Commercial Real Estate, Capital, Insurance, Leasing & Management

Florida CRE History is Repeating Itself

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Is commercial real estate history really repeating itself in Florida? Greg Matus, regional manager at Franklin Street thinks so—at least in some respect.

ORLANDO—Is commercial real estate history really repeating itself in Florida? Greg Matus, regional manager at Franklin Street and one of the panelists at RealShare Central Florida, thinks so—at least in some respect.

Matus joined other industry experts on the Town Hall Meeting: State of the Industry Panel last week in Orlando. Richard Matricaria, regional manager of Marcus & Millichap in Tampa, moderated the panel, which included David Barilla, associate director of the Downtown Development Board/Community Redevelopment Agency, Fred Hames, general manager and executive vice president of Skanska USA, Ryan Kratz, president of Tampa Bay, Central Florida and Southwest Florida for Colliers International, Brooke Myers, president of Emerge Real Estate Ventures, and Larry Richey, senior marketing director and Florida market leader for Cushman & Wakefield.

“We are seeing that history is starting to repeat itself,” Matus declared. “The trend of everyone trying to move their capital north for better returns is coming to Orlando. Retailers are also coming.”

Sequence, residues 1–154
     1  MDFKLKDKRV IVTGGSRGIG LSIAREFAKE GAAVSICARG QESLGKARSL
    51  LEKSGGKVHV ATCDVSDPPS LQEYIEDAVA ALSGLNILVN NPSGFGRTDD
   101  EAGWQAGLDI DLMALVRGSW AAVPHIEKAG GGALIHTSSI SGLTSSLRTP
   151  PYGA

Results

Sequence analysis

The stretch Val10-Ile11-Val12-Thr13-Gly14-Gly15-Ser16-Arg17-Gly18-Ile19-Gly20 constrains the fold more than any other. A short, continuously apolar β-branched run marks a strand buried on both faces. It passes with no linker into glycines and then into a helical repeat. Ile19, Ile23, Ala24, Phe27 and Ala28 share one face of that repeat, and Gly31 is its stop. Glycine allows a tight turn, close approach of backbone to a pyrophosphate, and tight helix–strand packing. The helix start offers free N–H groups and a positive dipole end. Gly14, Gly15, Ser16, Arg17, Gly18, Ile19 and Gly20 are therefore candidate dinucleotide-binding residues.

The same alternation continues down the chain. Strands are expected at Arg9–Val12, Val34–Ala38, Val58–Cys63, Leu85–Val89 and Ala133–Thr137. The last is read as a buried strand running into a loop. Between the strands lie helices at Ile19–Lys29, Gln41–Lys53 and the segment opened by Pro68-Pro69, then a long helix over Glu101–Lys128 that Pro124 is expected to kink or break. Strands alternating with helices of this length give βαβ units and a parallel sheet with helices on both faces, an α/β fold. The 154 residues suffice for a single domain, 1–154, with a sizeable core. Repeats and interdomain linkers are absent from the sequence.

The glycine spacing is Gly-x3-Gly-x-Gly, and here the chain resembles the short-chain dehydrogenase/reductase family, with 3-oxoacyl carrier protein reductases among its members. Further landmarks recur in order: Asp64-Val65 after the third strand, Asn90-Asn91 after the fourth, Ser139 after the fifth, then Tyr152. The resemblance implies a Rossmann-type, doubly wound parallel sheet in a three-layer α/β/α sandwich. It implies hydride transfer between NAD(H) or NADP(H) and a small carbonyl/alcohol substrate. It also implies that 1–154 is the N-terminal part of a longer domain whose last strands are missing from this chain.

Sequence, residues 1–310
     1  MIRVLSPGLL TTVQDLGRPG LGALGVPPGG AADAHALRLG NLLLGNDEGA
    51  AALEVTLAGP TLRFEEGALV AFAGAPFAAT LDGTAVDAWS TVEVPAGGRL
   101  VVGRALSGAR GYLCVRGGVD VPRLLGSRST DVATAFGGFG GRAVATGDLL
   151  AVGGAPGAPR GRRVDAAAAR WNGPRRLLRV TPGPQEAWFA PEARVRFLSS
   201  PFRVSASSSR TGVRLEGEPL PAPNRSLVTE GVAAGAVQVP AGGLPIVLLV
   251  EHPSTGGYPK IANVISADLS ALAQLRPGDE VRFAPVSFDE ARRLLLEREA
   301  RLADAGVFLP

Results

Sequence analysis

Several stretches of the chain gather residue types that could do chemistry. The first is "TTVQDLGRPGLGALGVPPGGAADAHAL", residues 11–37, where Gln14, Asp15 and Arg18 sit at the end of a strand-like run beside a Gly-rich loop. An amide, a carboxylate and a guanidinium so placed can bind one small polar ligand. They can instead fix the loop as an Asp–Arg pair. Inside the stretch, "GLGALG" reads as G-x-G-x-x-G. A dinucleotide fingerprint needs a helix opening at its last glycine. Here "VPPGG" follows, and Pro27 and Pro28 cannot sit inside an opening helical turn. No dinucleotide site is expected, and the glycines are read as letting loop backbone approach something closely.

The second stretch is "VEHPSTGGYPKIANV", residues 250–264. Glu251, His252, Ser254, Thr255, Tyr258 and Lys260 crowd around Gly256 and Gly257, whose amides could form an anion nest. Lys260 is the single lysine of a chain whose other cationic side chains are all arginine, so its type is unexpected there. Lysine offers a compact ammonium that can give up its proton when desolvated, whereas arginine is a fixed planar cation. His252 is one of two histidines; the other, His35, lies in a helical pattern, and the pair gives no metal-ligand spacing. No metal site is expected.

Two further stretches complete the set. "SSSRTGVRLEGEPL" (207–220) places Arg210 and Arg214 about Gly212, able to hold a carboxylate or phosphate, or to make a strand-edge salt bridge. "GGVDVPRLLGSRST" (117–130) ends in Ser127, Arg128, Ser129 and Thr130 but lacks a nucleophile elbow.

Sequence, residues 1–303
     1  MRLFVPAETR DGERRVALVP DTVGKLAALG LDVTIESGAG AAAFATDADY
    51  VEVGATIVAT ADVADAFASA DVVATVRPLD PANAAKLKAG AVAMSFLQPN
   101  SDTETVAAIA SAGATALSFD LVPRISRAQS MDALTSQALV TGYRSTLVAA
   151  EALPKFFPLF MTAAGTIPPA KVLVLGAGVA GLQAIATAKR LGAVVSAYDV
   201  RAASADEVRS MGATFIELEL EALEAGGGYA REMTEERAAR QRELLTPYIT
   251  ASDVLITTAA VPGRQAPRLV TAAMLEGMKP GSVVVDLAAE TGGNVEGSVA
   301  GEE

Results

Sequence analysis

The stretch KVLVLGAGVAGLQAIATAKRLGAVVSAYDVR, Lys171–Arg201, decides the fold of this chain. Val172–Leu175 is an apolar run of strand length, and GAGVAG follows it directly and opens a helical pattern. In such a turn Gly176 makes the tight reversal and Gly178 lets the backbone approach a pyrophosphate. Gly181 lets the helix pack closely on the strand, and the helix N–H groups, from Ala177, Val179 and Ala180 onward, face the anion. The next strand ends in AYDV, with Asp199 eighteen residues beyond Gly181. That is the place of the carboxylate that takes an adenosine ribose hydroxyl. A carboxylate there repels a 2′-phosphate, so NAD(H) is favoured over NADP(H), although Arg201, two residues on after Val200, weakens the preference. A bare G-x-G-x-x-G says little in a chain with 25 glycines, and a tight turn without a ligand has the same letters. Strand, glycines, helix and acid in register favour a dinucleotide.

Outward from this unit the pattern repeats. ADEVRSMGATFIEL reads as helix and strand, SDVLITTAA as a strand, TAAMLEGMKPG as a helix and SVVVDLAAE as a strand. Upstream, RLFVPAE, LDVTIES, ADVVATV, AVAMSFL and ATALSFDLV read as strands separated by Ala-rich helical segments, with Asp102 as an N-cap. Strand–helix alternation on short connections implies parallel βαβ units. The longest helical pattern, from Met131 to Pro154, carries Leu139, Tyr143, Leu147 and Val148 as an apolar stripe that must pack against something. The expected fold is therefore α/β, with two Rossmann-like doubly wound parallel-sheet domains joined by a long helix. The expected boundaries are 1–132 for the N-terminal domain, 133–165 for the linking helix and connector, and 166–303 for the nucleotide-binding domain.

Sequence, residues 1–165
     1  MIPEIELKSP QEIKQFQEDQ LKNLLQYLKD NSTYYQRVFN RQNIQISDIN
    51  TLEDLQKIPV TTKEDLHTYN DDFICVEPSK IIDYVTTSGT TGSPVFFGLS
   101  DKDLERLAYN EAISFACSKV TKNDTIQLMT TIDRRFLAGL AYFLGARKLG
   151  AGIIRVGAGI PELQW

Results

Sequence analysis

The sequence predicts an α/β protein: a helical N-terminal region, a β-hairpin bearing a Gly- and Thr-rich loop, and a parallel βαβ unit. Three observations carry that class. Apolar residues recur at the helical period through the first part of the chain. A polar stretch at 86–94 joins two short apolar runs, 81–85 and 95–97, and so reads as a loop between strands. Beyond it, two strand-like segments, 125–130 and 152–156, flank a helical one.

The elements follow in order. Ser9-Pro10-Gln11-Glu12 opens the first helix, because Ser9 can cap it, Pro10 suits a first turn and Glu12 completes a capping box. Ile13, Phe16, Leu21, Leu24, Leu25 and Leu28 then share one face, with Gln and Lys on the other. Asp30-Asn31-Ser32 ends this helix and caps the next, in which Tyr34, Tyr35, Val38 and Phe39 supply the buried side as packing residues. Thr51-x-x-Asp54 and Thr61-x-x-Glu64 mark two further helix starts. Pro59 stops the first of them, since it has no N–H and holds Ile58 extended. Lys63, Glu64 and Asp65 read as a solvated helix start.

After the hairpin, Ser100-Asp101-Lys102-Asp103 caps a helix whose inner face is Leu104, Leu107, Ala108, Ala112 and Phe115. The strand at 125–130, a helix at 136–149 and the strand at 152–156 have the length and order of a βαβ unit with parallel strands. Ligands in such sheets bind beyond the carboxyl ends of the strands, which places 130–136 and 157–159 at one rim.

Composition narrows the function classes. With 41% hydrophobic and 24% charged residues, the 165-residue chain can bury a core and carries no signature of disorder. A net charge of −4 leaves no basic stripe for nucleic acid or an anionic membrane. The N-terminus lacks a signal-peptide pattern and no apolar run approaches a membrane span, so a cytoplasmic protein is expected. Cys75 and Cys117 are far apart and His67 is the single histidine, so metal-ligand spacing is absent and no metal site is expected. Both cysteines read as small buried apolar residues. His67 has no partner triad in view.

Matus pointed out rental rates in Miami and Fort Lauderdale, FL as one reason some retailers are eyeing Orlando. Rents on Federal Highway in Fort Lauderdale are $60 a foot.

“People were fighting to get out of tertiary markets,” Matus said. “Now people are fighting to get into tertiary markets because they can find better returns there. Brokers, you can sell them better returns. Look at the comps in the market. People are selling in South Florida at a 5 cap and buying in Orlando at a 7 cap.”

Orlando may also make some new commercial real estate history. Kratz says technology is revolutionizing the way people use office space and Orlando is set to capitalize on the trend with new developments.

“In 2016, the Millennial generation will be the number one users of office space and by 2020 most Boomers will have retired,” Kratz said. “Millennials are social. They want to work where they want to work. Millennials like to extend the relationships beyond the office space itself into the evenings and weekends.

“People are using office space 30 to 40% of time, so you are seeing a trend towards hoteling or communal office space,” he continued. “In a service economy, its about attracting and retaining talent.”

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